TALLAHASSEE, FL -- State Rep. Joseph Abruzzo (D-Wellington) on Feb. 26 filed the Internet Poker Consumer Protection and Revenue Generation Act of 2010. The lawmaker's proposal makes Florida the first state to introduce a bill in its legislature that addresses the regulation of Internet gaming.
If enacted, Abruzzo's bill would legalize and regulate online video poker. Responsibility for ongoing regulation of the market would be assigned to the Division of Pari-mutuel Wagering, a program of the Department of Business and Professional Regulation within the executive branch of the state government.
In effect, Florida would supervise one or more major businesses (required to be incorporated in the Sunshine State) and countless smaller affiliates that operate online poker rooms for games played by Florida residents.
The major businesses would be the state's authorized online gambling operators of record and would each purchase a half-million-dollar license. Smaller affiliates would run online "card rooms" located on servers maintained by these large operators and would buy $1,000 licenses each.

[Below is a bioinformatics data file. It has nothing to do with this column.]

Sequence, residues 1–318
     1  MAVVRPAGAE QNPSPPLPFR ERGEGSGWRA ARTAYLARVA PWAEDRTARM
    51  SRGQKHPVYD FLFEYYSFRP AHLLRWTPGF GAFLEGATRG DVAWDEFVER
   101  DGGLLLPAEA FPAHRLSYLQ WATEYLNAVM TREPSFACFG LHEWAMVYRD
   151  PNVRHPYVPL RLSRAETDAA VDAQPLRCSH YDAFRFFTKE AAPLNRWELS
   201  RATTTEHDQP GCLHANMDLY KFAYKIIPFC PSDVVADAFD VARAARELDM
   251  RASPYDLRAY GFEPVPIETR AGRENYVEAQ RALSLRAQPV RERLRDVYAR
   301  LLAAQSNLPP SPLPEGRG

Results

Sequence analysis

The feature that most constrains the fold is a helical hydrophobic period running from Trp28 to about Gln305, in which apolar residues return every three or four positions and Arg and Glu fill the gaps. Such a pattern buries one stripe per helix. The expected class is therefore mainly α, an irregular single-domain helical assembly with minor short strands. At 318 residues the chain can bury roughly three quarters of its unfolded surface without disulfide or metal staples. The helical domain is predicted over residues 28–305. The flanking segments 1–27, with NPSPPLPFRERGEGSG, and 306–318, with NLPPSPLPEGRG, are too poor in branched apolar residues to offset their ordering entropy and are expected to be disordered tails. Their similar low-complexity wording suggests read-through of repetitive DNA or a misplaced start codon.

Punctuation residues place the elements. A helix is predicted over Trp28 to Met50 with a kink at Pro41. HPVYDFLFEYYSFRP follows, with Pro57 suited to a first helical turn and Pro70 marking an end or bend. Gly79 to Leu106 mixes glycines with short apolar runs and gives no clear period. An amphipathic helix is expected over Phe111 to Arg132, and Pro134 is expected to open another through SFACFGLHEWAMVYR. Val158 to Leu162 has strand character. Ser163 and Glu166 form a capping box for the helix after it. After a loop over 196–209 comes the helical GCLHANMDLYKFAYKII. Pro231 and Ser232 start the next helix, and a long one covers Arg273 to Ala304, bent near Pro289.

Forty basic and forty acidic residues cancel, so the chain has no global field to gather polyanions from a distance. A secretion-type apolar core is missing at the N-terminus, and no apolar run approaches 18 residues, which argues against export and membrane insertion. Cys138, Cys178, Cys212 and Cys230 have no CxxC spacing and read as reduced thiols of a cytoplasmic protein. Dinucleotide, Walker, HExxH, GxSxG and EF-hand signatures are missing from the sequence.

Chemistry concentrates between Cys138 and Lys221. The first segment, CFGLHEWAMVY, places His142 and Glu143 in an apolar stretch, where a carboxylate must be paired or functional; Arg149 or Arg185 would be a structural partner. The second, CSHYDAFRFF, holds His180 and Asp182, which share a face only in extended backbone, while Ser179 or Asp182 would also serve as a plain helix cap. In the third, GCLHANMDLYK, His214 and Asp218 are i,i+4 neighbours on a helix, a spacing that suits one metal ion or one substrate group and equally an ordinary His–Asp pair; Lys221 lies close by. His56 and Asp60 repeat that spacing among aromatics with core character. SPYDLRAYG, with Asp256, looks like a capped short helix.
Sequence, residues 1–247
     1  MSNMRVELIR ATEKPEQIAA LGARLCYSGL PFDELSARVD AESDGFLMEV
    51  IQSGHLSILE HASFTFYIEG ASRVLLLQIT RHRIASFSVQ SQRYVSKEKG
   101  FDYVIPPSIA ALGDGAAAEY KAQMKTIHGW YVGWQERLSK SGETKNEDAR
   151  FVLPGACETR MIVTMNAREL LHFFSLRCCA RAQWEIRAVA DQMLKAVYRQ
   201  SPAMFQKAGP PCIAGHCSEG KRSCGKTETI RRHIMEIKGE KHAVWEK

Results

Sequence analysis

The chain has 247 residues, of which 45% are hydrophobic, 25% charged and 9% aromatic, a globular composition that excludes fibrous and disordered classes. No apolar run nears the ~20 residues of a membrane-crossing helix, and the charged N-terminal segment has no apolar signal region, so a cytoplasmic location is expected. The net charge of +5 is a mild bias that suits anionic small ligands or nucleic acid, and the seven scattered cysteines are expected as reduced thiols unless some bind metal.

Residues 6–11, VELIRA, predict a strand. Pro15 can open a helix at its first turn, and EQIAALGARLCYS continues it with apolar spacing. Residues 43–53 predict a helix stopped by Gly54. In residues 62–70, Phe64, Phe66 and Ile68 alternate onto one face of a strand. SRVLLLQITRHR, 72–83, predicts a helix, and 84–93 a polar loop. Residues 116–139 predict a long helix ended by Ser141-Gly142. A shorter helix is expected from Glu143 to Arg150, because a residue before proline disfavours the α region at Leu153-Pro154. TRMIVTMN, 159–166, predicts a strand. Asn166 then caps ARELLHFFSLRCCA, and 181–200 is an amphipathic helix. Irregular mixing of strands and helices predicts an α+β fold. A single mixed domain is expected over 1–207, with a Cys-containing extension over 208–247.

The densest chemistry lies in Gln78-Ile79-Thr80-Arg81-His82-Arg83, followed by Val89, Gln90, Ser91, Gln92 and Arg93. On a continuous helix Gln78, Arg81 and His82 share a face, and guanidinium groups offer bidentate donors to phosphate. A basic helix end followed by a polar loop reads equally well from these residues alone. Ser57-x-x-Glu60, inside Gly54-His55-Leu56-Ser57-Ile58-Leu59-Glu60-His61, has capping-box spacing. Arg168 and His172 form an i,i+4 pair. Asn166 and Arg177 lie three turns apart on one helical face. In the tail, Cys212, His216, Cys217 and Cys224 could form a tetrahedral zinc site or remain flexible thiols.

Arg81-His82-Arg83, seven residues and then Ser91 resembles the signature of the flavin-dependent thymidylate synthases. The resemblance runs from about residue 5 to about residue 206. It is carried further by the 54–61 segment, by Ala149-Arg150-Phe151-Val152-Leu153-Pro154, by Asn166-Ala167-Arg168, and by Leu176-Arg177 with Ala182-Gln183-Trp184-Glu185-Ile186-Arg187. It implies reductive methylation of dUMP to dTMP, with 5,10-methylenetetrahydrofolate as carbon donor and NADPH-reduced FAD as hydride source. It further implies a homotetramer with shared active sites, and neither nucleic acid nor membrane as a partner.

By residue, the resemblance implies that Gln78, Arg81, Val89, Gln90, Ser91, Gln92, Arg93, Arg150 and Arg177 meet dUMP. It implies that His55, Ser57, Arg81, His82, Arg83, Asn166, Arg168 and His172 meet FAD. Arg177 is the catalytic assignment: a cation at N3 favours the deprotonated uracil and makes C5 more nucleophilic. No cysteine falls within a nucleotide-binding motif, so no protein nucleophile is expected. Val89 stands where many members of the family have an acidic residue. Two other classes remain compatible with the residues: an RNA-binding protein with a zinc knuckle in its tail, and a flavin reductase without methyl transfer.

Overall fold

The state of Florida would take 20% off the top of gross receipts generated by online poker before the major operators and their smaller affiliates split the remaining revenues.
Abruzzo claimed that nearly a million Floridians already gamble online. Legalizing and taxing the activity would raise more than $200 million a year for the state's coffers, he said.
The U.S. Internet gambling ban passed by Congress several years ago contains a provision that explicitly recognizes the right of individual states to legalize online gambling within their respective jurisdictions. In recent months, the legislatures in California, Iowa and New Jersey also have debated the legalization online gambling.
To date, however, Florida has seen the only actual bill introduced in the state legislature for this purpose. Iowa lawmakers considered the issue during the first two weeks of March, but discussions wound down after supporters realized they didn't have the votes for immediate passage, said House Majority Leader Kevin McCarthy (D-Des Moines).